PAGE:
New ways to get rid of old computers

The U.S. may still lag behind much of the world in regulating e-waste, but the good news is that there are solutions out there for responsibly disposing of your outdated equipment

Residents in Wylie, Texas, had no problems getting rid of their old computers: They just threw them in the trash.

But that approach was costing the city more and more in landfill and hauling fees, particularly during the city's semiannual Cleanup-Greenup campaigns, when residents would toss their junk into Dumpsters bound for landfills, says Michael B. Sferra, Wylie's public services director.

As Sferra tried to cut costs, he discovered that companies that recycle computers and other electronic waste charge less than those hauling junk away to landfills. "I was utterly surprised," he says.

The city recycled 15,000 pounds of computers, printers and other such "e-waste" the first time it offered the service, at its April 2006 Cleanup-Greenup day. It collected another 7,000 pounds of e-waste last fall and 10,500 pounds this past April.

Score one for Mother Earth.

Wylie's work is part of a growing effort to help people get rid of their e-waste in an environmentally and socially responsible manner. Local and state governments, retailers, manufacturers and advocacy groups are all getting in on the action, sponsoring events and programs to reuse and recycle electronic trash. As good as that sounds, however, there are still no national regulations requiring consumers to recycle their old electronics, although some initial steps have been taken (see "Laws of the land").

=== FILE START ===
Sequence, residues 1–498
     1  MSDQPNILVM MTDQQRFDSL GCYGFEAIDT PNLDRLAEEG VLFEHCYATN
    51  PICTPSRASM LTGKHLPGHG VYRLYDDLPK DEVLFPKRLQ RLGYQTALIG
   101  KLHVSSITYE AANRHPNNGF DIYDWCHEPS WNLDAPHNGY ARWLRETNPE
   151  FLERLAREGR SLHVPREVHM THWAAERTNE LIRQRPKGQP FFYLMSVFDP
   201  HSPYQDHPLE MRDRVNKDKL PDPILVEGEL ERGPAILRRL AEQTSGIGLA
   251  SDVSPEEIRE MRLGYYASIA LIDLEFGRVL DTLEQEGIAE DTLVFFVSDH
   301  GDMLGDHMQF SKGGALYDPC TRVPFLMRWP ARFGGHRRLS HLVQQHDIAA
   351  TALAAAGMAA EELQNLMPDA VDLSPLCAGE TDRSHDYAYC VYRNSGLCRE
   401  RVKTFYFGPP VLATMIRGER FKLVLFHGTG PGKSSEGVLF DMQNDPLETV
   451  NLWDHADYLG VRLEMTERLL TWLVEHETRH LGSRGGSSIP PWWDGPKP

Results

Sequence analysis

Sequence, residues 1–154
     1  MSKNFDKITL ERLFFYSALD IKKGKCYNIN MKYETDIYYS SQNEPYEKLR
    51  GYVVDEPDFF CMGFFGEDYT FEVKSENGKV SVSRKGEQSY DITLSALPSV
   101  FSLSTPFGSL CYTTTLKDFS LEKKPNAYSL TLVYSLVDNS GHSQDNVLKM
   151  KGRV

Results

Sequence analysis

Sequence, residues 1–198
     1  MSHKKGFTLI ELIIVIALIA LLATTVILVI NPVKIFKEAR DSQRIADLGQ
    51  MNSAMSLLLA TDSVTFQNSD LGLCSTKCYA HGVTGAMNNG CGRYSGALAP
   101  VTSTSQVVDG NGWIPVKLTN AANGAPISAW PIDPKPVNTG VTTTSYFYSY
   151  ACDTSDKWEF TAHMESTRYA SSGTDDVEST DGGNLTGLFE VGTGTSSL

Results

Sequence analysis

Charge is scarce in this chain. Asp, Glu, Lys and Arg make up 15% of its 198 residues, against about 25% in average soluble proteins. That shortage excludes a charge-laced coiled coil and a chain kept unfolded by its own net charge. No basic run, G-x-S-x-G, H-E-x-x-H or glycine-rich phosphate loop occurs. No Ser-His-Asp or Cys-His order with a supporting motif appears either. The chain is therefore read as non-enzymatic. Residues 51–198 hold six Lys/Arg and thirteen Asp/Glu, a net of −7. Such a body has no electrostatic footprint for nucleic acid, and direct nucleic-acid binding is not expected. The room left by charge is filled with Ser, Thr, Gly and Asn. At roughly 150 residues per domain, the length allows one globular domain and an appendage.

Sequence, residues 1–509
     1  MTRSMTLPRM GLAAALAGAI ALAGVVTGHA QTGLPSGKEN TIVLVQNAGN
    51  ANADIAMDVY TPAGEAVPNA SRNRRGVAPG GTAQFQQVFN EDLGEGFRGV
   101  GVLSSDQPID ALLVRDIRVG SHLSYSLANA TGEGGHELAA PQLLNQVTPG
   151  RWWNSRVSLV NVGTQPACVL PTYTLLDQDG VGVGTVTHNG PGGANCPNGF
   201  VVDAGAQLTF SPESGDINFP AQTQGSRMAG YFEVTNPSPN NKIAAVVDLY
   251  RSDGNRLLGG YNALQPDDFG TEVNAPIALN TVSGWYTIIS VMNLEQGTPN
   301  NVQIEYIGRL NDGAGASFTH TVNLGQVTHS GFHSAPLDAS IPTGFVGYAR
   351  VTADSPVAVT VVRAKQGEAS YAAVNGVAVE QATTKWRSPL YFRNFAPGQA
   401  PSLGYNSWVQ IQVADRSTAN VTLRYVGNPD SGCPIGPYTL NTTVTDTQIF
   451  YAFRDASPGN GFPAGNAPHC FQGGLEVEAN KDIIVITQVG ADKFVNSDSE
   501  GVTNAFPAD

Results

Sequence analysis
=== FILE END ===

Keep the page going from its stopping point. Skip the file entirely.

Moreover, local governments that offer or require recycling face challenges getting people to fully comply with their efforts. And consumers themselves face challenges when they try to do the right thing, since not every computer recycling program meets industry standards meant to protect the environment, the people who handle the old equipment and even the data that resides on the devices themselves.

"Clearly there is an inefficient solution today," says Chip Slack, chairman and CEO of Intechra Inc., a corporate recycling company based in Jackson, Miss.

Wading through e-waste


The size of the problem is staggering.

Each year the United States scraps about 400 million units of consumer electronics, according to the Computer TakeBack Campaign, a national coalition of environmental organizations. In fact, e-waste is the fastest growing portion of the country's waste stream, growing by almost 8% from 2004 to 2005, even while overall municipal waste stream volume is declining, according to the federal Environmental Protection Agency.

Very little e-waste is actually recycled, though. Of the estimated 2.63 million tons of e-waste generated in the United States in 2005, the EPA estimates that only 12.5% was collected for recycling. The rest went to landfills and incinerators.

Volume isn't the only problem. More than 1,000 different raw materials are used to make electronic products, according to the Computer TakeBack Campaign. These materials include chlorinated solvents, brominated flame retardants, PVCs, heavy metals, plastics and gases. A CRT monitor, for example, can contain 4 to 8 pounds of lead. And while flat-panel monitors contain less lead than CRTs, they do contain mercury.

The news gets even worse.

Industry watchdogs say that some electronics bound for recycling end up overseas, where they're stripped of precious metals and other valuable materials using rudimentary and unsafe processes; the leftover carcasses are just dumped. Estimates vary, but Greenpeace says 50% to 80% of e-waste collected for recycling in the United States is exported, most often to China, India and other Third World countries.

Add to this the fact that most consumers are stockpiling old equipment -- the Silicon Valley Toxics Coalition, an advocacy group in San Jose, estimates that more than 75% of all computers ever sold remain stored away -- and the problem seems nearly insurmountable.

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